“Transformational change is difficult under normal circumstances, and it’s particularly pronounced during such a challenging time. We are encouraged by the commitment of these five institutions who have shown that student success is at the core of their work,” said Dr. Karen A. Stout, president and CEO of Achieving the Dream. “We look forward to working with these colleges on building their capacity for change over the next three years, and we are excited to welcome them to the Network this summer.”

Teams from each of the five colleges will convene at a Virtual Kickoff Institute in July, which will set the stage for their work as ATD Network institutions. During Kickoff, college teams will meet virtually with their ATD coaches and begin to organize their student success work for the year, including preparing for campus-based Kickoff work in the fall. Their Kickoff experience will include an introduction to ATD’s approach, a capacity-building framework and companion self-assessment Institutional Capacity Assessment Tool, that enables colleges to pinpoint their strengths and areas for improvement across seven institutional capacities that are needed to facilitate change. This framework integrates and aligns efforts that the colleges may have already begun to implement, such as guided pathways, integrated planning and advising, developmental education redesign, and assesses readiness for other large-scale change work.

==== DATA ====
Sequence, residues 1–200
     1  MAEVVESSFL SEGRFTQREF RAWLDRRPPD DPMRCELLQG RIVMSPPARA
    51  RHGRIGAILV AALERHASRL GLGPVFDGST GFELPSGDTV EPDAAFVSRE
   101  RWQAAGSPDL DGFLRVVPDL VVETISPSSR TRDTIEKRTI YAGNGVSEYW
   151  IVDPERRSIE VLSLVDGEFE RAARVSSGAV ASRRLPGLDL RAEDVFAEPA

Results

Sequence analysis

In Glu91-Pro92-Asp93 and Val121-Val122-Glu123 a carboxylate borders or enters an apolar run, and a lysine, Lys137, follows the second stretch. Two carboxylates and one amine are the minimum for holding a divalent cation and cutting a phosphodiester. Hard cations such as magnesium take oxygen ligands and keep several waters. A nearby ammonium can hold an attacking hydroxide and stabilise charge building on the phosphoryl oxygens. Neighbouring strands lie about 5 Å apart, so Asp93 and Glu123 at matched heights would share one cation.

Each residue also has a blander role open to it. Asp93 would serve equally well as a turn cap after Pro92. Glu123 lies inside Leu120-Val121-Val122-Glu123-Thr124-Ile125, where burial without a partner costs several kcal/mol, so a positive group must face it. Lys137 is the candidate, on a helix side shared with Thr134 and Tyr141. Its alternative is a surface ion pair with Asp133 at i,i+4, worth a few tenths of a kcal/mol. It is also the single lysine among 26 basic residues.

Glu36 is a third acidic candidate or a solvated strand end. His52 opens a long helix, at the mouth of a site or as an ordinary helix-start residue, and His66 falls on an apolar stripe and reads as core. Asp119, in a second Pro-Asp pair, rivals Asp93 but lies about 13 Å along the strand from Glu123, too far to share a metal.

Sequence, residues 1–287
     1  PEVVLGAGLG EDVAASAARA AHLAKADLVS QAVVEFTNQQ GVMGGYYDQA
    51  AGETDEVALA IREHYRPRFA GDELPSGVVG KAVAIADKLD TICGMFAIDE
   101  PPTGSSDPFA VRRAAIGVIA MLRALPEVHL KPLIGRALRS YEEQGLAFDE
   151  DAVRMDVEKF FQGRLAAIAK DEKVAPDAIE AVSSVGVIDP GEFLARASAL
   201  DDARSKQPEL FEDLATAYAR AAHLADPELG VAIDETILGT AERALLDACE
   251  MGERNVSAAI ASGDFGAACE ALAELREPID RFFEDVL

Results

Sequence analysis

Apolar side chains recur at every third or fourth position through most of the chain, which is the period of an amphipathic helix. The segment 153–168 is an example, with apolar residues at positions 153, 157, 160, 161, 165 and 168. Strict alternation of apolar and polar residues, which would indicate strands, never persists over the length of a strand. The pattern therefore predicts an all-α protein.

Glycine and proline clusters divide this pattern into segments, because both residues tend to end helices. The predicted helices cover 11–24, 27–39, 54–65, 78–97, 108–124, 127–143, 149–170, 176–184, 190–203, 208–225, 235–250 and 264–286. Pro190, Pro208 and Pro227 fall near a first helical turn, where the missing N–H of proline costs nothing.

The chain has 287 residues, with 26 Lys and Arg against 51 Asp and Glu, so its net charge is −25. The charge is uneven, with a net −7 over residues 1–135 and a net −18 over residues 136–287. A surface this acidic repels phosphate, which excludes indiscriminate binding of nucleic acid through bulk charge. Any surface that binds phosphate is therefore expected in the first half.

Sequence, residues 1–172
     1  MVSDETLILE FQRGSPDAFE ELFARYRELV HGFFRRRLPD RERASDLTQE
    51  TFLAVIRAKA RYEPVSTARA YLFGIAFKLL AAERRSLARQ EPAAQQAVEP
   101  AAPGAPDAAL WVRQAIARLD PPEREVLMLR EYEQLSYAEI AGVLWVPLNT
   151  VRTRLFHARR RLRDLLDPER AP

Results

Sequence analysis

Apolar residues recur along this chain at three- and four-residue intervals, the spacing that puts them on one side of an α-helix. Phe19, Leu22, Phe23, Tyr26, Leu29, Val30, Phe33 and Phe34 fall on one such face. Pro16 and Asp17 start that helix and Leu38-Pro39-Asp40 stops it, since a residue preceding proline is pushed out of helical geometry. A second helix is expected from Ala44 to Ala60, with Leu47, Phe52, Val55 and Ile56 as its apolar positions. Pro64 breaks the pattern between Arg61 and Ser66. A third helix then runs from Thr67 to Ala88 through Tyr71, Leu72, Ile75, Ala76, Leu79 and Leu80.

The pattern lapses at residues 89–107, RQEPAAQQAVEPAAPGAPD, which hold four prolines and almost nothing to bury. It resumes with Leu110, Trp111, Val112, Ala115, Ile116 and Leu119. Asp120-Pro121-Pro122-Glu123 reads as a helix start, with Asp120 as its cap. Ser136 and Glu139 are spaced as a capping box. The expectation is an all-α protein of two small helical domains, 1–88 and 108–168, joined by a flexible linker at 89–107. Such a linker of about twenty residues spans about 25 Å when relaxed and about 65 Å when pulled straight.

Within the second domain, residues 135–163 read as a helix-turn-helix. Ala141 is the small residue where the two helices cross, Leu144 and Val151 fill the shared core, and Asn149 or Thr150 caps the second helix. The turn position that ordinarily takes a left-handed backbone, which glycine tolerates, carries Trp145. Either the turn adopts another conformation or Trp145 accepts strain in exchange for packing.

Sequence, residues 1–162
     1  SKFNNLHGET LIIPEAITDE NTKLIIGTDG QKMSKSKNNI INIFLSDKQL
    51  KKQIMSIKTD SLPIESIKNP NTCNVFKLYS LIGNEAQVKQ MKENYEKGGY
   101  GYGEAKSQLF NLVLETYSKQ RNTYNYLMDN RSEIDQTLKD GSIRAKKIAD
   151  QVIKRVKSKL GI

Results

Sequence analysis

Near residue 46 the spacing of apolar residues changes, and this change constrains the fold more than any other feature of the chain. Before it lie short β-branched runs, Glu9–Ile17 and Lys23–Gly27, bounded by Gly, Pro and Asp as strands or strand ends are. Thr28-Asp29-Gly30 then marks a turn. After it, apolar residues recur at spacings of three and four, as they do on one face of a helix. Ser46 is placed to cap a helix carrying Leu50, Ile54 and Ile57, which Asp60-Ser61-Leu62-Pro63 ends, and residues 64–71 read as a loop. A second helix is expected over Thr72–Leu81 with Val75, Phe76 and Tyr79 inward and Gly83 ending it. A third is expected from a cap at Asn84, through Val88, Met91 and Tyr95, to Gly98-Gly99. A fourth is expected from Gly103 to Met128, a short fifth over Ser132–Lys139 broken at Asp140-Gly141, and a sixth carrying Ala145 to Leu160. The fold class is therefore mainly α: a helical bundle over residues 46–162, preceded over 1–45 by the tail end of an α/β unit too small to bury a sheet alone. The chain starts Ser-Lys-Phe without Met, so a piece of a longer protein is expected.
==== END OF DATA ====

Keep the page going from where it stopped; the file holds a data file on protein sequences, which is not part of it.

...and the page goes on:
NSCC President Dr. Michael Thomson added, “NSCC is proud to join the 277 community colleges in the Achieving the Dream movement. We share a common commitment to increase student success and completion. While we are very accessible, many Northwest Ohio learners face incredible barriers to reach our life-transforming educational environments. ATD will help us identify and close equity gaps that exist in all six counties in our service area.”

Thomson continued, “ATD will help use a data-informed decisional method to identify and reduce gaps so that every one of our 77,000 families can access our services. In today’s interconnected world, high-performing organizations adapt proven best practices to the culture and history of the area they serve. We have a strong track record adapting best practice as evidenced by our recent work in custom training and RAPIDS.”

The Achieving the Dream 2020 Cohort includes:   

  • Central Arizona College (AZ)
  • Compton College (CA)
  • Milwaukee Area Technical College (WI)
  • Northwest State Community College (OH)
  • Wake Technical Community College (NC)

ABOUT ACHIEVING THE DREAM

Achieving the Dream leads a growing network of 277 community colleges committed to helping their students, particularly low-income students and students of color, achieve their goals for academic success, personal growth, and economic opportunity. ATD is making progress in closing academic achievement gaps and accelerating student success through a unique change process that builds each college’s institutional capacities in seven essential areas. ATD, along with 75 experienced coaches and advisors, works closely with Network colleges in 44 states and the District of Columbia.

NSCC Foundation Awards $661,000 in Scholarships

The Northwest State Community College Foundation proudly awarded $661,000 in scholarships to 282 students from the region. The total dollars awarded surpasses last year’s record totals, offering needed financial help to students through the generosity of donors to the NSCC Foundation.